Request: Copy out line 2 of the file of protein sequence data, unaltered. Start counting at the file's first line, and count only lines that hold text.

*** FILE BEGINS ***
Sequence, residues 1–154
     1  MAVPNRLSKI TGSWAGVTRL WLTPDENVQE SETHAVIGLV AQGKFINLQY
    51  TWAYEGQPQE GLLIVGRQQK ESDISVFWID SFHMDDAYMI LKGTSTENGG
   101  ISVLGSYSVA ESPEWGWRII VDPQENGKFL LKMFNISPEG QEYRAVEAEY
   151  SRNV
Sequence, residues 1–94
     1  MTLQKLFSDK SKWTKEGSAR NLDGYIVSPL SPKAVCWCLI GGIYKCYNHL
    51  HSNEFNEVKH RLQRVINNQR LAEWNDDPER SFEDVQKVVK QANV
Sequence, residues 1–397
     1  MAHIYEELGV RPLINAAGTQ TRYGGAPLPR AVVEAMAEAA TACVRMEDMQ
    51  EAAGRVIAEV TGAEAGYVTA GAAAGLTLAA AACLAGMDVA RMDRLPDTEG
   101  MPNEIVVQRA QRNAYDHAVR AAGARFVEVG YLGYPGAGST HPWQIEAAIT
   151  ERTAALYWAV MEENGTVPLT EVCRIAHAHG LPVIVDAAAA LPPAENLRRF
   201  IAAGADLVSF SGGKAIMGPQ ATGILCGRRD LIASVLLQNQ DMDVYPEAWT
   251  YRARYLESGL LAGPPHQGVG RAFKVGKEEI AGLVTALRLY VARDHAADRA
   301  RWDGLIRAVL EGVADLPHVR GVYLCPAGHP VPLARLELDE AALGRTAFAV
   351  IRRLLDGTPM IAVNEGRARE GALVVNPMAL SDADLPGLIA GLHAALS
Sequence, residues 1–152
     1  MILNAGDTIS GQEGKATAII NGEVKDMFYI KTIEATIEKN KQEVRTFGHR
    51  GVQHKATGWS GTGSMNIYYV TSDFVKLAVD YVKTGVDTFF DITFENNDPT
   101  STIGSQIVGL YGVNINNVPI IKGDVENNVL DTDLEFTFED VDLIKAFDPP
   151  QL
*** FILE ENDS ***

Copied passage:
     1  MAVPNRLSKI TGSWAGVTRL WLTPDENVQE SETHAVIGLV AQGKFINLQY